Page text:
• oppression – the request is overly burdensome (generally where a file is more than 500 pages you should consider contacting the person or firm requesting the subpoena and negotiate the scope of material sought)
    • public interest immunity
    • legal professional privilege.
  • If the department cannot meet the subpoena deadline (even if it is made first priority), contact the court that issued the subpoena to seek an extension. Propose an alternative and realistic date to the court.

In some cases, the court will direct the department to contact the party who initiated the subpoena process, requiring the department to explain personally why it cannot meet the deadline.

  • In instances where the schedule of the subpoena calls for all documentation, the child protection practitioner responsible for producing the documents, should contact the issuing party to negotiate limiting the scope of the schedule.

Producing only key documents from CRIS will assist the department to meet the production date whilst still providing the parties with sufficient information. Lawyers generally oblige in this type of request. The recommended schedule is as follows:

  • Intake & closure documents

  • First visit case notes

  • Responsible for harm assessments and substantiation decisions

  • Transfer summaries

  • Case plans

  • Case planning meeting minutes

  • Court reports

  • Section 38 consultations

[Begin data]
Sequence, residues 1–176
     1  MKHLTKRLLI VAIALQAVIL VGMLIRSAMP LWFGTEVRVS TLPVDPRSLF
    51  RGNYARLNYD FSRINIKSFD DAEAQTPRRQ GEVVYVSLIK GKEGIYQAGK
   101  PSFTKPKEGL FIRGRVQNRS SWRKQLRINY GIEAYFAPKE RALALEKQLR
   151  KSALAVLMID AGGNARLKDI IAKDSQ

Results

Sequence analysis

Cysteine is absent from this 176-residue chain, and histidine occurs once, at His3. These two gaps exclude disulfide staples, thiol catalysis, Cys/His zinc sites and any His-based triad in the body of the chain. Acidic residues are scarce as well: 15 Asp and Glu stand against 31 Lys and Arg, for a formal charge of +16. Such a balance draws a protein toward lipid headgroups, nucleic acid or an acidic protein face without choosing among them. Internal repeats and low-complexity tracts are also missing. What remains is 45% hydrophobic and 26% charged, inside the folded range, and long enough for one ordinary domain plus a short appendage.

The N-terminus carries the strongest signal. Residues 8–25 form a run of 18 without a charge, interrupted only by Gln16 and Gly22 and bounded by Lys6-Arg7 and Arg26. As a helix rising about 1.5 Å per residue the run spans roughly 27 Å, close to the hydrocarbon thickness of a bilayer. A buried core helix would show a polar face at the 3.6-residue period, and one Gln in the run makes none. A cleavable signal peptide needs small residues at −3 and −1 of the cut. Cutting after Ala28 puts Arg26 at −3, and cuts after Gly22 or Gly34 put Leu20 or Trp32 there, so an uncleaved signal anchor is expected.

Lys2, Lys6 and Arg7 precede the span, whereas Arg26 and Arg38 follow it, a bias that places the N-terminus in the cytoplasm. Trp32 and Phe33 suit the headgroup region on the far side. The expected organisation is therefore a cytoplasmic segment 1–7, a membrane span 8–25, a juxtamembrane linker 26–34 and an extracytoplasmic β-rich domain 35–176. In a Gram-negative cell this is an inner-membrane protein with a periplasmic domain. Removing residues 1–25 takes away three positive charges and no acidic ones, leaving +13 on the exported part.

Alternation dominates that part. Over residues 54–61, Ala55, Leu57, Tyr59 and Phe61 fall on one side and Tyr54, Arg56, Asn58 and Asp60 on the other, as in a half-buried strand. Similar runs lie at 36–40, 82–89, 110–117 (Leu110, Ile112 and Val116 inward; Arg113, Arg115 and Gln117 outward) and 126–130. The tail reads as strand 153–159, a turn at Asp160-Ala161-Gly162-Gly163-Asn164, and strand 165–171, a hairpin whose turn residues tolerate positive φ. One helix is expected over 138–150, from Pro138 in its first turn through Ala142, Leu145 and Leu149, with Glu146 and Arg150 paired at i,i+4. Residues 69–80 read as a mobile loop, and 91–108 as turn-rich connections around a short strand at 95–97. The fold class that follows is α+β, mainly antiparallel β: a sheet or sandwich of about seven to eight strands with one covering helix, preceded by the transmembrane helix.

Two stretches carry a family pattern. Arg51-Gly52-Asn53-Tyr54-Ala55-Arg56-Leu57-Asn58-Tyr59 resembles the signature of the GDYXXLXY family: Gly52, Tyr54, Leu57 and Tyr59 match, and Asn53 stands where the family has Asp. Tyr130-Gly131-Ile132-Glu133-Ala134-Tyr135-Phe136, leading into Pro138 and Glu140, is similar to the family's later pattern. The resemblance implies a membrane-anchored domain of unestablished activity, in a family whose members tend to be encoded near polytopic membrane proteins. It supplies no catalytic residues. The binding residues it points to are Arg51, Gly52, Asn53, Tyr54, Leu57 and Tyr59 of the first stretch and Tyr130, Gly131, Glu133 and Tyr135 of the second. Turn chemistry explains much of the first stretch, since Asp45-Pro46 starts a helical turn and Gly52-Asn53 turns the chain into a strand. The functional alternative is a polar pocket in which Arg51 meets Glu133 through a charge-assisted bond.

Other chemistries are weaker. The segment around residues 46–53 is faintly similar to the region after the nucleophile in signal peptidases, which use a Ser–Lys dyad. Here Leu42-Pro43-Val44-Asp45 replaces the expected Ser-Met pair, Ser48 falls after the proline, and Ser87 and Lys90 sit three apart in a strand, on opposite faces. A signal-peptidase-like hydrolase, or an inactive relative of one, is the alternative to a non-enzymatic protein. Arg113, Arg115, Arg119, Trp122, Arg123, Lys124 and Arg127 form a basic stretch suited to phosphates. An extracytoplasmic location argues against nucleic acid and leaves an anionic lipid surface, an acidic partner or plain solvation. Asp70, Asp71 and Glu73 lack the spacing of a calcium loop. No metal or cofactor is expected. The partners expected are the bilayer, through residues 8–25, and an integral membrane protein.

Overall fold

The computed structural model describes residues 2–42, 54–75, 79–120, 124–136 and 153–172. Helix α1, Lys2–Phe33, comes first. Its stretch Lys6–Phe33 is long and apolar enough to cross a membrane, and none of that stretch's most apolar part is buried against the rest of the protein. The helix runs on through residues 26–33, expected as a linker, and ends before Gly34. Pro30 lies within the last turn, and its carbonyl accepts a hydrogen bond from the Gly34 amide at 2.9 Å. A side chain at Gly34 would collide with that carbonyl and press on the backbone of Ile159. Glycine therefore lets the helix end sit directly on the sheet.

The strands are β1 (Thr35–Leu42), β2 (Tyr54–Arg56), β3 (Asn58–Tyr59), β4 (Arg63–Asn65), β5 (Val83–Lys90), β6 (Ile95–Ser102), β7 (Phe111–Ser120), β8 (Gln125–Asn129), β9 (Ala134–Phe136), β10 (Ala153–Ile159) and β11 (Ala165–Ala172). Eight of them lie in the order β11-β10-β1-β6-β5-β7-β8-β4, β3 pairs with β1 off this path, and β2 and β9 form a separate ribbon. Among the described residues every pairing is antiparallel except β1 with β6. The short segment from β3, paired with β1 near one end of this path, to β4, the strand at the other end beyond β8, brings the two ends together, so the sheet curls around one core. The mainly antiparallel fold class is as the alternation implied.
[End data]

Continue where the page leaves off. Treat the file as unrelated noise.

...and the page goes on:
• Any external assessment report the department has commissioned

  • Print the CRIS case notes, from the categories of documents subpoenaed, that relate to each child named on the subpoena.
  • Read the file thoroughly and make the necessary redactions as per legislative exemptions.
  • If the entire file has been subpoenaed, produce a copy of the original documents and ensure they are securely attached in a file. Do not send original documents or loose sheets of paper to the court. Ensure materials from both the CRIS and paper file are included.
  • Include a detailed covering letter addressed to the court registrar. This letter needs to:
    • explain the handling of the documentation, and list any exemptions which have been applied. 
    • state "When the Court no longer requires the documents, please ensure that they are disposed of in a secure manner by shredding or placing in a confidential documents bin. We no longer require the documents to be returned to the department."
  • Keep the original copy of the file, as you will need that material to prepare for court. The court should then destroy their copy of the record when it is no longer required.
  • Place any documents where production would otherwise be prohibited by law, for example reporter details, in a sealed envelope marked with a request that these documents not be released except at the direction of the Judge or Magistrate and the reasons why, including the relevant legislative provisions. A precedent cover sheet can be obtained from the Child Protection Information Release Team at 50 Lonsdale Street, Melbourne. Attach this information to the front of the file.